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Special Issue "Ion Channel Inhibiting Marine Toxins"

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A special issue of Marine Drugs (ISSN 1660-3397).

Deadline for manuscript submissions: closed (30 October 2010)

Special Issue Editor

Guest Editor
Prof. Dr. Peter C. Ruben (Website)

Department of Biomedical Physiology & Kinesiology, Simon Fraser University, 8888 University Drive, Burnaby, BC V5A 1S6, Canada
Fax: +1 778 782 3040
Interests: voltage-gated ion channels; toxins; evolution

Special Issue Information

Dear Colleagues,

Ion channels are important targets for therapeutic drugs. A wide range of diseases and disorders stem from ion channel dysfunction. The oceans are a source of toxins that have effects known to inhibit ion channels; many more drugs of therapeutic significance may yet be found within the oceans’ depths. Some marine toxins are already recognized for their great potential to treat, for example, neuropathic pain through their inhibition and blockade of voltage-gated ion channels. As more marine toxins become purified and tested for their effects on ion channels, more applications will inevitably be discovered that have important medical ramifications.
This special issue of Marine Drugs is dedicated to toxins that inhibit ion channels, and seeks to emphasize the importance of channel-inhibiting toxins as potential therapeutic agents and as research tools. It is my honor to serve as Guest Editor for this special issue, and to invite scientists to report recent advances or review the recent literature on the full spectrum of research questions associated with toxins that inhibit ion channels. I eagerly anticipate working with you towards a successful special issue of Marine Drugs focused upon channel-inhibiting marine toxins. On behalf of the journal, I hope this special issue becomes a vehicle for the latest developments in this exciting and important research area.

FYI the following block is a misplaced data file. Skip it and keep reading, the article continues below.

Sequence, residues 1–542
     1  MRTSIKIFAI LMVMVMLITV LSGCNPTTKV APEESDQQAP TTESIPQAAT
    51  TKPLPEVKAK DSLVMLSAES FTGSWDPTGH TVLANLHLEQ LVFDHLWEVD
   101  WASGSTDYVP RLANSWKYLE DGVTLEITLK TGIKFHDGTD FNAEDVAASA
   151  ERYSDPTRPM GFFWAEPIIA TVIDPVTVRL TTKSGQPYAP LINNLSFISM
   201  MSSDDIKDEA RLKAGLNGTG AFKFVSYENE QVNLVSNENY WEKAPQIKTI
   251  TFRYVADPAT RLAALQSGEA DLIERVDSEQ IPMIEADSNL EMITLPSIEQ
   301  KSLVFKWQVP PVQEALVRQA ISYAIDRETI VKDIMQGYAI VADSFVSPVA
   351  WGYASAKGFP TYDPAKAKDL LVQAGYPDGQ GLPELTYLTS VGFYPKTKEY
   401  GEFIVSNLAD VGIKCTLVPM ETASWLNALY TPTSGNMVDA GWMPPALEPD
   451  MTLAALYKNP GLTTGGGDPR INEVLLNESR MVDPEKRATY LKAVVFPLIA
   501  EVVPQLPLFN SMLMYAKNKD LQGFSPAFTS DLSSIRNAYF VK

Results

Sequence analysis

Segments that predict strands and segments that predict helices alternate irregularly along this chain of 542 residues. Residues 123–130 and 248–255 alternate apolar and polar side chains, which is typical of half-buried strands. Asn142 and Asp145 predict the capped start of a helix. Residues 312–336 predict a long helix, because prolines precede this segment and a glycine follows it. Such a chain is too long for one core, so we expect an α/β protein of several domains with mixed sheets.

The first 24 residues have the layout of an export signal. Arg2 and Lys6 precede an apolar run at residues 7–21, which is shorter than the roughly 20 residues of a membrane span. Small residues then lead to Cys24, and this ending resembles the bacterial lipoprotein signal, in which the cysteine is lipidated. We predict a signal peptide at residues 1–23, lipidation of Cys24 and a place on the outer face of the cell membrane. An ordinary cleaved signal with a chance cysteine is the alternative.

Dr. Peter C. Ruben
Guest Editor

Keywords

  • voltage-gated ion channels
  • ligand-gated ion channels
  • receptors
  • blockade
  • inhibition
  • marine toxins
  • venom
  • antagonist

Published Papers (1 paper)

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Research

Open AccessArticle Screening and cDNA Cloning of Kv1 Potassium Channel Toxins in Sea Anemones
Mar. Drugs 2010, 8(12), 2893-2905; doi:10.3390/md8122893
Received: 2 November 2010 / Revised: 19 November 2010 / Accepted: 1 December 2010 / Published: 2 December 2010
Cited by 14 | PDF Full-text (421 KB) | HTML Full-text | XML Full-text
Abstract
When 21 species of sea anemones were screened for Kv1 potassium channel toxins by competitive inhibition of the binding of 125I-α-dendrotoxin to rat synaptosomal membranes, 11 species (two species of Actiniidae, one species of Hormathiidae, five species of Stichodactylidae and three [...] Read more.
When 21 species of sea anemones were screened for Kv1 potassium channel toxins by competitive inhibition of the binding of 125I-α-dendrotoxin to rat synaptosomal membranes, 11 species (two species of Actiniidae, one species of Hormathiidae, five species of Stichodactylidae and three species of Thalassianthidae) were found to be positive. Furthermore, full-length cDNAs encoding type 1 potassium channel toxins from three species of Stichodactylidae and three species of Thalassianthidae were cloned by a combination of RT-PCR, 3′RACE and 5′RACE. The precursors of these six toxins are commonly composed of signal peptide, propart and mature peptide portions. As for the mature peptide (35 amino acid residues), the six toxins share more than 90% sequence identities with one another and with κ1.3-SHTX-She1a (Shk) from Stichodactyla helianthus but only 34–63% identities with the other type 1 potassium channel toxins. Full article
(This article belongs to the Special Issue Ion Channel Inhibiting Marine Toxins)
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marinedrugs@mdpi.com
Tel. +41 61 683 77 34
Fax: +41 61 302 89 18
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